Last year the Library launched Movies that Matter, a series of films essential to cinema literacy.
The big-screen wonders continue this fall with Movies That Matter -- The Sequel, which once again spotlights films that have stood the test of time.
Presented on select Sundays at 1:30 p.m. from September 2013 through June 2014 in the Truman Forum of the Plaza Branch, 4801 Main St., this series offers 10 movie classics.
Each program features opening and closing remarks by Robert W. Butler, who for more than 40 years was a noted film critic for The Kansas City Star and now works in the Library's Public Affairs Department, where he programs film series and serves as senior writer/editor.
Featured are titles from many of the world's great filmmakers: John Ford, Jean-Luc Godard, Walt Disney, Jean Renoir, Michael Curtiz, F.W. Murnau, and Preston Sturges.
Movies That Matter covers a variety of genres: musicals, silent drama, animation, social satire, drama, horror.
Admission is free. The schedule:
The Grand Illusion (France; 1937) on September 29, 2013
It's a World War I escape movie about Frenchmen breaking out of a German POW camp. But Jean Renoir's The Grand Illusion is also a meditation on the inevitability of armed conflict and the changing face of European society. It was so effective that the Nazis declared this antiwar drama "Cinematic Public Enemy No. 1." Not rated. 114 minutes
The Bride of Frankenstein (USA; 1935) on October 27, 2013
The Bride of Frankenstein employed the same creative team that produced the original Frankenstein four years earlier. Yet this sequel is a much different animal -- and far superior. It's satiric, practically contemptuous of its horror origins, frequently over the top. It has more in common with Mel Brooks' Young Frankenstein than with the original film. Director James Whale gave free rein to his camp impulses. The result: One fun movie. Not rated. 75 minutes.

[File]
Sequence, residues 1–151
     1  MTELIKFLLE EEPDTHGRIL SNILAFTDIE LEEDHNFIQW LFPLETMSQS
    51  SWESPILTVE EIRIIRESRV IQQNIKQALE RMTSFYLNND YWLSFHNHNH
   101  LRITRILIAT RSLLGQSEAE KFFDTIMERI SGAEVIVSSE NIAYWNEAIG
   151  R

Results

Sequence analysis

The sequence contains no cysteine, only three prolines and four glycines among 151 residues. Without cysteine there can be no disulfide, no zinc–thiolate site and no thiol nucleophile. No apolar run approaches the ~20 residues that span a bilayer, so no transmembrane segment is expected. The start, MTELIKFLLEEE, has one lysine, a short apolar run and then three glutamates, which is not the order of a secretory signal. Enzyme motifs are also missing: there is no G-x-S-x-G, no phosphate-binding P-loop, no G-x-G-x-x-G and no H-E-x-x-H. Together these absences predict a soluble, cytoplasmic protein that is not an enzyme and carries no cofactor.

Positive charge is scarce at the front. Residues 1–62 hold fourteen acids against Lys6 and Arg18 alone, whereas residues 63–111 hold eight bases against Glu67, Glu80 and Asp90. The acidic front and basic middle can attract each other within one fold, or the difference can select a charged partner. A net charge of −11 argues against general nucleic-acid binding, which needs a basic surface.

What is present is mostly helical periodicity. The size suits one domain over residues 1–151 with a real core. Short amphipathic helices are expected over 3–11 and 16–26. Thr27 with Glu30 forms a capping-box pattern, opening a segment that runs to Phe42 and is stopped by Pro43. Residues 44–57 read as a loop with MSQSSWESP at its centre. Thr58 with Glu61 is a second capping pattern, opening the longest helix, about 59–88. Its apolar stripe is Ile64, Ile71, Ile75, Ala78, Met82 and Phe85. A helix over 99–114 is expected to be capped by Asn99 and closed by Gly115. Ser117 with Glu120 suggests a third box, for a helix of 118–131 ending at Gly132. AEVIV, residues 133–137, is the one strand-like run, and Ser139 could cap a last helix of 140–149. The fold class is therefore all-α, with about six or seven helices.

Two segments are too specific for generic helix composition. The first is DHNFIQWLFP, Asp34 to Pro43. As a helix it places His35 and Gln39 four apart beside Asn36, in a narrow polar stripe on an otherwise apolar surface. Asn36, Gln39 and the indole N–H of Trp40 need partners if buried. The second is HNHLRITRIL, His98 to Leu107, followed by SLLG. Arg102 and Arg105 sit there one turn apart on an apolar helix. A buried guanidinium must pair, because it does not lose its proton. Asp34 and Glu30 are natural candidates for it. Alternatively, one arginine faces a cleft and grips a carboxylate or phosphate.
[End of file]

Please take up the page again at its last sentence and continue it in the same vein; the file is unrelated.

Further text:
1960) on November 17, 2013
Jean-Luc Godard's crime drama about a charismatic Paris thug (Jean Paul Belmondo) and a beautiful young American (Jean Seberg) is among the most influential films ever made, with its once-radical style totally now absorbed into cinema culture. But it still wows us with its "underground" approach, innovative editing, eroticism, and moral ambivalence. Not rated. 90 minutes.
Pinocchio (USA; 1940) on December 1, 2013
For a follow-up to his groundbreaking Snow White and the Seven Dwarfs, Walt Disney needed something special. He found it in Pinocchio, the best animated film of his career. The story's thematic darkness is lightened by Disney's trademark song, dance, comedy, and melodrama. And while it can be enjoyed by all, the film's examination of free will and morality makes it almost too good for kids. Not rated. 88 minutes.
Sunrise (USA; 1927) on January 19, 2014
Called "the Citizen Kane of silent cinema," Sunrise was the last silent masterpiece, a bold visual experiment seething with human emotions. F.W. Murnau (Nosferatu) employed enormous stylized sets and wildly innovative cinematography to tell the simple tale of a man (George O'Brien), his wife (Janet Gaynor), and the seductive woman from the big city (Margaret Livingston) who threatens their rural happiness. Not rated. 94 minutes.